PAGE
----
Most studios would see a film’s poor critical reception and failure to recoup its budget as signs that a movie didn’t meet viewers’ expectations. Not Sony. The studio’s attention was stuck on Twitter, where Morbius trended for weeks after its release thanks to the impressive traction of Morbius memes.

Execs, excited by the attention, planned a special weekend re-release of the film. It returned to 1,000 theaters across the U.S…and made just $280,000.

Multiple types of research bias contributed to this embarrassing mistake. First: selection bias. They treated Twitter’s trending topics as representative of American consumers’ interests rather than representative of a relatively small group of individuals. Second: confirmation bias. When Morbius trended, they assumed the attention meant people would want to see it in theaters. Third: misclassification. Somehow, no one determined that the memes poking fun at the movie were, in fact, bad press.

Marketers should learn from Sony’s mistakes so they don’t follow suit. Many types of bias can affect market research; all lead to the same thing: bad data, and therefore, bad business decisions.

Here are some common types of research bias — and how to prevent them. Learn them before your next survey, so you can trust your data and make decisions with confidence.

Design bias

Your methodology can affect the outcome of your study. These biases get more difficult to spot and remove the further you get into your study because they become part of the way things work. Be aware of study design decisions that can influence participant answers and make your data less accurate.

Interviewers should never state implied feelings and should use a participant’s own language (“You said you sometimes eat breakfast. Can you define that?”) rather than pre-written text (“If you don’t eat breakfast every day, do you eat it often?”) 

4. Know how question order effects can change participant answers

Order effect bias shows up when participants use your questions to build context for each other and adjust their answers accordingly. Participants are likely to fall into the groove of behavioral consistency. They’ll want to give answers that uphold their previous opinions. 

Imagine one of your first questions solicits opinions on the RiteAway Smooth Gel Ink Pens. If a few questions later, you ask about the RiteAway brand, people are likely to answer the second question in a similar way to the first because they want to seem consistent.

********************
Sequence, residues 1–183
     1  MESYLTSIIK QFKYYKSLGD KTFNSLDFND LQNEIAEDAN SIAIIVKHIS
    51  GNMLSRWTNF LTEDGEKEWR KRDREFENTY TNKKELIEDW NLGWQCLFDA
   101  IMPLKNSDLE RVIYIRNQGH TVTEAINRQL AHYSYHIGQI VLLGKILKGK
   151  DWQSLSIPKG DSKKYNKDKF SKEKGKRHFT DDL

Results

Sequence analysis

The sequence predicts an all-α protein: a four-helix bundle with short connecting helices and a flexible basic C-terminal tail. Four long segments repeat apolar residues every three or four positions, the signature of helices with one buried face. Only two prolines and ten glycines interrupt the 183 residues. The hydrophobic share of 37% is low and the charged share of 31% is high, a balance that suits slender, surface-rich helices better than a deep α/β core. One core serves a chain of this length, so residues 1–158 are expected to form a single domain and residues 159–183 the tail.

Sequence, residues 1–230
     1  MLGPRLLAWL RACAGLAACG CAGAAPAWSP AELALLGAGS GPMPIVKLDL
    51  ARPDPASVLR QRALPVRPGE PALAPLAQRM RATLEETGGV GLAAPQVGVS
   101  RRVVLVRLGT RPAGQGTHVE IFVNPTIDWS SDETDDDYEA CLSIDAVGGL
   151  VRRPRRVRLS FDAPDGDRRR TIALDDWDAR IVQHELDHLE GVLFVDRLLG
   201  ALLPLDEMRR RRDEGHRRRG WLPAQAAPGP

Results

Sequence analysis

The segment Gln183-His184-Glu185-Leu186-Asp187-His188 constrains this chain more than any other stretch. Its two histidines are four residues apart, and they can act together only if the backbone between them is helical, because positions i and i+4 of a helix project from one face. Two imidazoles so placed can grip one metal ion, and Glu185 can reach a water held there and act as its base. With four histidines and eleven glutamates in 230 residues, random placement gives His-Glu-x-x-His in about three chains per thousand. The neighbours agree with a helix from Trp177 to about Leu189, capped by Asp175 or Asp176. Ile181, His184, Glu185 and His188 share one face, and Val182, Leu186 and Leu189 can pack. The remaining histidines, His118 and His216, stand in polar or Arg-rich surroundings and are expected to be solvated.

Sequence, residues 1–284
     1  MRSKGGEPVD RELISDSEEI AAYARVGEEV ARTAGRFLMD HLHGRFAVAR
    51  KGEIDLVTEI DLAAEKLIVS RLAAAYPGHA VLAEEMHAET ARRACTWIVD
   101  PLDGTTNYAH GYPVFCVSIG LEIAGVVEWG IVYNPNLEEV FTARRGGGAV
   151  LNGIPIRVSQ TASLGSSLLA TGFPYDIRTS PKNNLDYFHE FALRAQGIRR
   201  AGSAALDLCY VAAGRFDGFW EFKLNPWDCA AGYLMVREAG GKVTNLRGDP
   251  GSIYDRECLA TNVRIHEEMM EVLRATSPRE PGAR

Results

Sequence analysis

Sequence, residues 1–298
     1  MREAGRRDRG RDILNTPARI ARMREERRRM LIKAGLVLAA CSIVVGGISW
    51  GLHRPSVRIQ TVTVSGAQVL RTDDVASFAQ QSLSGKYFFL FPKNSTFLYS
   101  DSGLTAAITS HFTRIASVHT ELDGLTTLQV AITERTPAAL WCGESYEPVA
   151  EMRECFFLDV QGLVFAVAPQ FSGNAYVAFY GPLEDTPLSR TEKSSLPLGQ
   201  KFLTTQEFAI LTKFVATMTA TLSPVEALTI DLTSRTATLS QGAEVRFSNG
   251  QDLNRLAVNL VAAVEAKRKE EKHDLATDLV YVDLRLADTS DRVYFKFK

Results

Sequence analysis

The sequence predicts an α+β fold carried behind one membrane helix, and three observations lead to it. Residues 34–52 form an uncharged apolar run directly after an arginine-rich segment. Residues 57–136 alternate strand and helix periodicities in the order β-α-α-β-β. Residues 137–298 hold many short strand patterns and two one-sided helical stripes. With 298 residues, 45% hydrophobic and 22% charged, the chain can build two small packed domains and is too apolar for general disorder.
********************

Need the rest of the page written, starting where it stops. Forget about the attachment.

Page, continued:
Randomizing question order is the best way to avoid this bias. While individual participants may draw connections between questions, they’ll all do so in different ways, so your data as a whole will remain viable. Surveys that won’t work with randomized data should ask:

  • General questions (“How often do you purchase office supplies for your company?”) before specific questions (“How often do you purchase ink pens for your company?”)
  • Unaided questions (“Please name three brands of ink pens”) before aided questions (“Have you heard of RiteAway Ink Pens?”)
  • Positive questions (“What do you like best about the ink pens your company purchases?”) before negative questions (“What is one thing the ink pens your company purchases could do better?”)

This is another type of bias that may be easiest to see by testing your questions on individuals who won’t be participating in the study. Ask to hear the thought process behind each answer — your testers may even tell you when a previous question has influenced their response.

Researcher bias

Researcher bias colors data when the individuals administering your study let their own opinions, worldview, and behaviors affect the data they gather. Any study in which researchers interact directly with participants must be preceded by training. Respondent-facing individuals should be aware of their body language and tone of voice at all times and have both under control. You may also want to set up cameras or audio recorders so you can review sessions for actions that may have affected participants’ responses.